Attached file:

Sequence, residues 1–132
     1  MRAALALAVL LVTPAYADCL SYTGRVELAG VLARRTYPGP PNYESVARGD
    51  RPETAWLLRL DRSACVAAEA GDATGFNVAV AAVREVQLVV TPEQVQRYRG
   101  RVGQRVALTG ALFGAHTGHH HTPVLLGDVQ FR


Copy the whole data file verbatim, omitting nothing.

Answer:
Sequence, residues 1–132
     1  MRAALALAVL LVTPAYADCL SYTGRVELAG VLARRTYPGP PNYESVARGD
    51  RPETAWLLRL DRSACVAAEA GDATGFNVAV AAVREVQLVV TPEQVQRYRG
   101  RVGQRVALTG ALFGAHTGHH HTPVLLGDVQ FR